Each student will create an outline of themselves. Ask them: “What words can you use to describe yourself—who you are, or how you feel?” Encourage students to use the new vocabulary.

To aid students in building vocabulary, the new words can become part of a word wall or personal dictionary that can be referred back to when needed.

Additional Canadian Books to Support This Sub-Theme (Bilingual Editions)

Days Like This
By Oriane Smith
Illustrated by Alice Gravier
(Milky Way Picture Books, 2022)

Des jours comme ça
Par Oriane Smith
Illustré par Alice Gravier
(Comme des géants, 2022)

Everybody!
By Elise Gravel
(North Winds Press, 2021)

Tout le monde!
Par Elise Gravel
(Éditions Scholastic, 2021)


Middle School Level

By Derek Acorn

Featured Book

Small in the City
By Sydney Smith
(Groundwood Books, 2019)

*Also available in FR: Perdu dans la ville par Sydney Smith (Comme des géants, 2020)

Minds On Provocation

The teacher will begin by noting that being present in the moment, noticing our surroundings, finding safe spaces, and taking joy in small things all contribute to our mental health. Have students consider the following questions:

  • What brings you joy?
  • How do you take time to notice your surroundings?
  • What are your favourite places?
  • What sights, sounds, smells, and feelings make you feel comfortable?

Record answers on chart paper or whiteboard, or use digital tools such as Mentimeter or word clouds to create a visual representation of student responses.

Display the cover of Small in the City using a book camera, or use a photo and project a large version of the cover. Discuss the following:

  • What do you notice?
  • What do you wonder?
  • What could the title mean?
  • How do you think this book might relate to being present, noticing our surroundings, finding safe spaces, or taking joy in small things?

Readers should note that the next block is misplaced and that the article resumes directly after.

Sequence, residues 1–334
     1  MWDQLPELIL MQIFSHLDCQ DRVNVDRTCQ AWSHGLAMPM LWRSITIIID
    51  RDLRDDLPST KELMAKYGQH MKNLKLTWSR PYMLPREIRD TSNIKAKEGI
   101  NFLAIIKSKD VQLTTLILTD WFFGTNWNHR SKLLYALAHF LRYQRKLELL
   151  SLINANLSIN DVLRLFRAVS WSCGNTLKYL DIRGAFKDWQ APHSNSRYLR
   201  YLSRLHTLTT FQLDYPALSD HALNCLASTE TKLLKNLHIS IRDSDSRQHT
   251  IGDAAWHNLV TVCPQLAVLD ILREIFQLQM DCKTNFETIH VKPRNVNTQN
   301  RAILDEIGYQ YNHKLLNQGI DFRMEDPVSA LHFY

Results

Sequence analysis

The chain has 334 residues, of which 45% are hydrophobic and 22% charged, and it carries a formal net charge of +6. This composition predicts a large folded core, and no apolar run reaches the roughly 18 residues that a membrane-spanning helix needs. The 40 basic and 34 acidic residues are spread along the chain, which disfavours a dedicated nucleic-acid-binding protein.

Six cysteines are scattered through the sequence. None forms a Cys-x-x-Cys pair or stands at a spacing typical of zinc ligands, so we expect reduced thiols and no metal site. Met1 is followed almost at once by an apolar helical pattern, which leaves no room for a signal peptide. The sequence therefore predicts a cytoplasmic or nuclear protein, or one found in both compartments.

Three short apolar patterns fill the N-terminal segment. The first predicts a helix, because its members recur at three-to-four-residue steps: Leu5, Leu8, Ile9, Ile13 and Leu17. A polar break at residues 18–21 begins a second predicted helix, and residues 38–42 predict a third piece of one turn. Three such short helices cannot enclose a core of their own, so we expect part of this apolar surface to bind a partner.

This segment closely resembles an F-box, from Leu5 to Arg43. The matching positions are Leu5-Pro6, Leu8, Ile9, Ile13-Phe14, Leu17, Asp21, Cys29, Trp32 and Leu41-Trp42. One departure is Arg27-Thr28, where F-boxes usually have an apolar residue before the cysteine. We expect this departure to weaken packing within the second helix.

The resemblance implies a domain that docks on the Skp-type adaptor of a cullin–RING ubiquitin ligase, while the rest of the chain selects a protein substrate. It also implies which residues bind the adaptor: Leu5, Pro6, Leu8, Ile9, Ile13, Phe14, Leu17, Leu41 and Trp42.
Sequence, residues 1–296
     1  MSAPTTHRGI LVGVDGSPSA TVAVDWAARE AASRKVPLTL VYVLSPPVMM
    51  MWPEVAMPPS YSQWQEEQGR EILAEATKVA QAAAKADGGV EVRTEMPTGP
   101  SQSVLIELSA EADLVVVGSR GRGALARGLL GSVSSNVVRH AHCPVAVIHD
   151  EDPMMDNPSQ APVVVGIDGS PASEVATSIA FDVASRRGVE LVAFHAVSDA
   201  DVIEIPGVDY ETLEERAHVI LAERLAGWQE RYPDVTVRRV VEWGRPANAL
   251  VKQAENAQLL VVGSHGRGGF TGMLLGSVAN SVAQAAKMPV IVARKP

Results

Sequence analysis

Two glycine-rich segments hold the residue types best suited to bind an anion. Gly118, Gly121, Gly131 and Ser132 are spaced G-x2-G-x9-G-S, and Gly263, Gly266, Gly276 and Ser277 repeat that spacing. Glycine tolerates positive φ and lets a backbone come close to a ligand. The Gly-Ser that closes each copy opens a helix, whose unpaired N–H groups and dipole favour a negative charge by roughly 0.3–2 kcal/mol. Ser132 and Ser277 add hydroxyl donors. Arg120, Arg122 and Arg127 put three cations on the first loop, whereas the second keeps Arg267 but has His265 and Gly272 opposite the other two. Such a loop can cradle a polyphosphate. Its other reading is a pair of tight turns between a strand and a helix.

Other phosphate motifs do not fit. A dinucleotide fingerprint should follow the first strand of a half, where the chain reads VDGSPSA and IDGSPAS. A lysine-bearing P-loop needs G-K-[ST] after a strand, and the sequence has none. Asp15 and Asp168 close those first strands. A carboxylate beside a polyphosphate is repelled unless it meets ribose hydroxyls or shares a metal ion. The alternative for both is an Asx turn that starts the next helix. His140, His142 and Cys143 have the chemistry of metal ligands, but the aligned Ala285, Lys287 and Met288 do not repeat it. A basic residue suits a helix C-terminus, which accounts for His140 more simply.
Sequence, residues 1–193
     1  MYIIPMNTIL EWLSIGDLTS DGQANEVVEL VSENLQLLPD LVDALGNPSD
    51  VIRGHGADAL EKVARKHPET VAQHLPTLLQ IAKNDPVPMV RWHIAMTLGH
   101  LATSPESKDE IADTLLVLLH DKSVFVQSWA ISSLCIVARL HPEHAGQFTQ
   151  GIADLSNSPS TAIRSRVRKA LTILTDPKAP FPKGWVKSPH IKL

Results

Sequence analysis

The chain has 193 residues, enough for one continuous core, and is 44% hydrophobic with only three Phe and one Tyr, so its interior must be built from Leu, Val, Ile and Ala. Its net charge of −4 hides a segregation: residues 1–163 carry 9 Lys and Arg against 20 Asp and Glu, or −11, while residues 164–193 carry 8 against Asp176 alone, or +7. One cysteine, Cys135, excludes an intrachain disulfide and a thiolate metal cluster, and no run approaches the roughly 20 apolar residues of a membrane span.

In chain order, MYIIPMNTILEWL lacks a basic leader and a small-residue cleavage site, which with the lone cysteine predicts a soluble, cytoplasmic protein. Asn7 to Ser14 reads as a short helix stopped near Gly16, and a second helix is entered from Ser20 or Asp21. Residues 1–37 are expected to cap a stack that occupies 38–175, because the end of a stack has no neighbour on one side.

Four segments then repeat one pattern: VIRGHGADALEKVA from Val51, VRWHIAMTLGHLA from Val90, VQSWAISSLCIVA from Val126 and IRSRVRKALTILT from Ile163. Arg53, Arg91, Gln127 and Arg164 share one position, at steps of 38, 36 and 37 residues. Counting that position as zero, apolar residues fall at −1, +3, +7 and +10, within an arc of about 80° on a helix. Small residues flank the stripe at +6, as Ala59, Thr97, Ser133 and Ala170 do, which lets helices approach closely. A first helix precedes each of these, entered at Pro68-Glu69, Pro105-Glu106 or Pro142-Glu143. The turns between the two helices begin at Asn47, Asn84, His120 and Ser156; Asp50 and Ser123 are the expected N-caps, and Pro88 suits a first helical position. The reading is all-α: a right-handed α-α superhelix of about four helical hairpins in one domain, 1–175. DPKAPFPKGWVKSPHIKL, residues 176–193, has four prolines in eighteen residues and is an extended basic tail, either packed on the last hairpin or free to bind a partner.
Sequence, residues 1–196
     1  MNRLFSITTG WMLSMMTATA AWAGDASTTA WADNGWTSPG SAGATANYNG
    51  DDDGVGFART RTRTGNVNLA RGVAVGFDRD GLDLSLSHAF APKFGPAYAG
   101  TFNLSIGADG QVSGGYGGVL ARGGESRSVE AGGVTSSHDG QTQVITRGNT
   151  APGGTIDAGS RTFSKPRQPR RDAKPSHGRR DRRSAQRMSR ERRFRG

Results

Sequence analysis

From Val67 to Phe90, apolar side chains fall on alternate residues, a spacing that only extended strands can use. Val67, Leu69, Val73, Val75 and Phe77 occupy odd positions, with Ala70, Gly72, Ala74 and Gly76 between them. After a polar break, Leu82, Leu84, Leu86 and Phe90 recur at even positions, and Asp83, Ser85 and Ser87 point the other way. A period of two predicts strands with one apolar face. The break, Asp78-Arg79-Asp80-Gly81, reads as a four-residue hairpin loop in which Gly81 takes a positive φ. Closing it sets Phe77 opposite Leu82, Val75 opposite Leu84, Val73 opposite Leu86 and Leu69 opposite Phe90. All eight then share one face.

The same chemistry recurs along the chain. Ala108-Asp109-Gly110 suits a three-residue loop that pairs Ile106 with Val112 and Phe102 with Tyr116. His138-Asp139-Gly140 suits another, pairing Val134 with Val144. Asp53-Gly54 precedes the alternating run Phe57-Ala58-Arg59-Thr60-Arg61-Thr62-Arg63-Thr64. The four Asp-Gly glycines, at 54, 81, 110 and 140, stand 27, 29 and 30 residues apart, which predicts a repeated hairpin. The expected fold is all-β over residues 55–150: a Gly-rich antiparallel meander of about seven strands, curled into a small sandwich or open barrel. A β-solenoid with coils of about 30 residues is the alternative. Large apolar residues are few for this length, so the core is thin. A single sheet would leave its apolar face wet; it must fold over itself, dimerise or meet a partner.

Read, Plan, and Practice

Before reading the book, discuss strategies for reading a picture book. You may want to focus on:

  • The style of the text (short sentences, adjective use, etc.)
  • Use of images to tell the story
  • Cohesion of text and image

Read the picture book to the class. During the first reading, have students simply listen and observe the images closely. Take time to discuss anything students notice in the text or images. Use of a book camera or other means of enlarging the book is preferable.

After the first reading, ask the class:

  • Who is the character in the story giving advice to?
  • Have you ever been lost? What did it feel like?
  • Do you think being lost would be scary for a pet?

As you read the second time, have students note any examples they observe of being present, noticing our surroundings, finding safe spaces, or taking joy in small things. After reading, have students share their notes with the class. Create a list of their examples.

Choose several images from the book. After the second reading, organize students into small groups and distribute one image to each group. Have the groups analyze their image by noting what they see, what they think they might smell, hear, or feel, and what small joys they might find in that image. Each group can share their image and ideas.

Make, Tinker, and Modify

Choose one, or all, of the following activities:

  • Have students create an illustrated map that leads from school to their home. Students should label and annotate any joyful places, safe places, or important landmarks. For an added connection, use the art style from the book.
  • Take a walk in the community and have students note what they see, hear, smell, and feel. Emphasize being present in the moment and taking in our surroundings. Using the key words they noted during the walk, students will create a Small in the City art piece that reflects their experience. For an added connection, use the art style from the book.
  • Alternatively, have students take photos during the community walk of small joys that they observe. Have them write their own Small in the City guide for community members using their photos.

Reflect and Connect

What have you learned about the connection between mental health and being present in the moment, noticing our surroundings, finding spaces, and taking joy in small things?

Students will write a journal entry detailing their response to this question, and how they can incorporate those ideas into their daily lives to maintain their mental health.

Additional Canadian Books to Support This Sub-Theme

The Elephant
By Peter Carnavas
(Pajama Press, 2020)

I Am Peace: A Book of Mindfulness
By Susan Verde
Illustrated by Peter H. Reynolds
(Abrams Books for Young Readers, 2017)

*Also available in FR: La méditation c’est pour moi : un livre sur la pleine conscience par Susan Verde, illustré par Peter H. Reynolds (Éditions Scholastic, 2018)

Living with Viola 
By Rosena Fung
(Annick Press, 2021)

What If? From Worries to Wonder
By Doretta Groenendyk